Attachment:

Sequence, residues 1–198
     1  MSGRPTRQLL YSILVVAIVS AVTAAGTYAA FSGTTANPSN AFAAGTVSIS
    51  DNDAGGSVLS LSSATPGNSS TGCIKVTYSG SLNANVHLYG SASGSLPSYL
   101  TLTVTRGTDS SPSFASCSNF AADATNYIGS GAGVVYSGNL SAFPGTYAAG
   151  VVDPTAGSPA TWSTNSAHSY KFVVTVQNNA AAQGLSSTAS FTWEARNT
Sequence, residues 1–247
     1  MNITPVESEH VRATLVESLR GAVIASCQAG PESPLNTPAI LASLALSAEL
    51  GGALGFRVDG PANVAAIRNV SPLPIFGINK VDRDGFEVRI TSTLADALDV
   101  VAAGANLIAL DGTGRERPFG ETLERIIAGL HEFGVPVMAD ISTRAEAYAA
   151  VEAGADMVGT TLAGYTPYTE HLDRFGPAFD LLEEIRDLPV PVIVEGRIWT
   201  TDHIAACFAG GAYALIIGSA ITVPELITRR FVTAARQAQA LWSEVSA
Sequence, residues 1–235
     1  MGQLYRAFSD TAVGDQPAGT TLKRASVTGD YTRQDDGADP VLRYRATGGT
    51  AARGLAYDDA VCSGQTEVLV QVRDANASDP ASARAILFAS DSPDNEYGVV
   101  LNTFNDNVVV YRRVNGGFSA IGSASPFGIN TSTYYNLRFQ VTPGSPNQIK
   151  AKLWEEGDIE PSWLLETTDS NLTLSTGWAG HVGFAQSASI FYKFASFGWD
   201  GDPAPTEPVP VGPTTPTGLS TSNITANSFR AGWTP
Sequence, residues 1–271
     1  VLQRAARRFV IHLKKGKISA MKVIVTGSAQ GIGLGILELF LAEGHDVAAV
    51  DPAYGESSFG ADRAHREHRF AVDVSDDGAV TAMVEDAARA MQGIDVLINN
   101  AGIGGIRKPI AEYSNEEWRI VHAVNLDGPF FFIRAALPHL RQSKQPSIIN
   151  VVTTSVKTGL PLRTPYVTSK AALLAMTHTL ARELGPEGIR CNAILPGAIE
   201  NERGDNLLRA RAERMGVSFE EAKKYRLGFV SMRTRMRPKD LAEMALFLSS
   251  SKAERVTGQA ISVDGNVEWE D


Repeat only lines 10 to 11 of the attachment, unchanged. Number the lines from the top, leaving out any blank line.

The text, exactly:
   151  VEAGADMVGT TLAGYTPYTE HLDRFGPAFD LLEEIRDLPV PVIVEGRIWT
   201  TDHIAACFAG GAYALIIGSA ITVPELITRR FVTAARQAQA LWSEVSA